State analysts urged lawmakers Tuesday to scrap Maryland's controversial film tax credit, arguing the state hasn't been benefited enough from the $62.5 million poured into television and movie companies since 2012.
The Maryland Institute College of Art announced Wednesday it will launch a masters program in filmmaking and will run it out of a historic Station North theater that will be home to both MICA and Johns Hopkins University's film programs.
New opportunities for young adults to hang out and have fun in good company are appearing in Laurel along with the fireflies and balmy nights of summer. Two faith-based groups, Bethany Community Church's Open Barn and Laurel Catholic Young Adults, are reaching out to 18- to 35-year-olds who may eventually find their way into more traditional worship environments, by hosting social events where young people can fraternize outside of church.
Baltimore theater fans are hard-pressed as of late to find a reason to leave the city with so much available right at home: superb local theater companies and community theaters and the renovated Hippodrome. It's a welcome revival of an industry the city was once known for.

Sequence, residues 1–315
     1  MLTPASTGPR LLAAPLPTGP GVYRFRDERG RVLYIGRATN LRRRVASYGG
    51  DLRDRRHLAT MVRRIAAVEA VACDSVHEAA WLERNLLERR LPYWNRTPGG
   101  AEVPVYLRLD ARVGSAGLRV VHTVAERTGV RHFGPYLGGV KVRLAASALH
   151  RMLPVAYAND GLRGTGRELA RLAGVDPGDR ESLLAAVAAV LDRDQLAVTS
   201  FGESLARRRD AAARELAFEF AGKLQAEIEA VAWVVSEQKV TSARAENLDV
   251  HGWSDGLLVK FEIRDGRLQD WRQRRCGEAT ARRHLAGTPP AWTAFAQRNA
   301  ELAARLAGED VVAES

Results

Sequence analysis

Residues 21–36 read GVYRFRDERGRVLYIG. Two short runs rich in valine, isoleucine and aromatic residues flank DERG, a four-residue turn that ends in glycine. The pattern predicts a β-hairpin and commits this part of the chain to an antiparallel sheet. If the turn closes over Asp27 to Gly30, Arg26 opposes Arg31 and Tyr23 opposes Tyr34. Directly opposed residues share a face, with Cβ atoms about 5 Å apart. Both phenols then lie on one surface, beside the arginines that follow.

The debacle regarding film tax credits at the recent legislative session could potentially cause Maryland to lose one of the finest TV programs around today, and all because of misunderstanding of an industry and reliance on failed history.
The breakdown in Annapolis over boosting incentives for films and television series shot in Maryland has left the state without enough money to give Netflix's "House of Cards" what it was seeking to produce its next season here, officials acknowledged Tuesday.
Tax credits for Maryland's cybersecurity and film industries could expand as part of the legislative session that starts Wednesday. They're just some of the many tax credits that industry groups said they hope to see grow, even as big fights over the minimum wage and changes to stormwater management fees loom for the session.
Sculptor and craftsman David Knopp of Towson, who creates unique furniture out of plywood, currently has an exhibit at the American Visionary Art Museum. In 1012, he won the Mary Sawyer Baker Artist Award and one of his desks was even used in the television series "Veep" during filming in Maryland.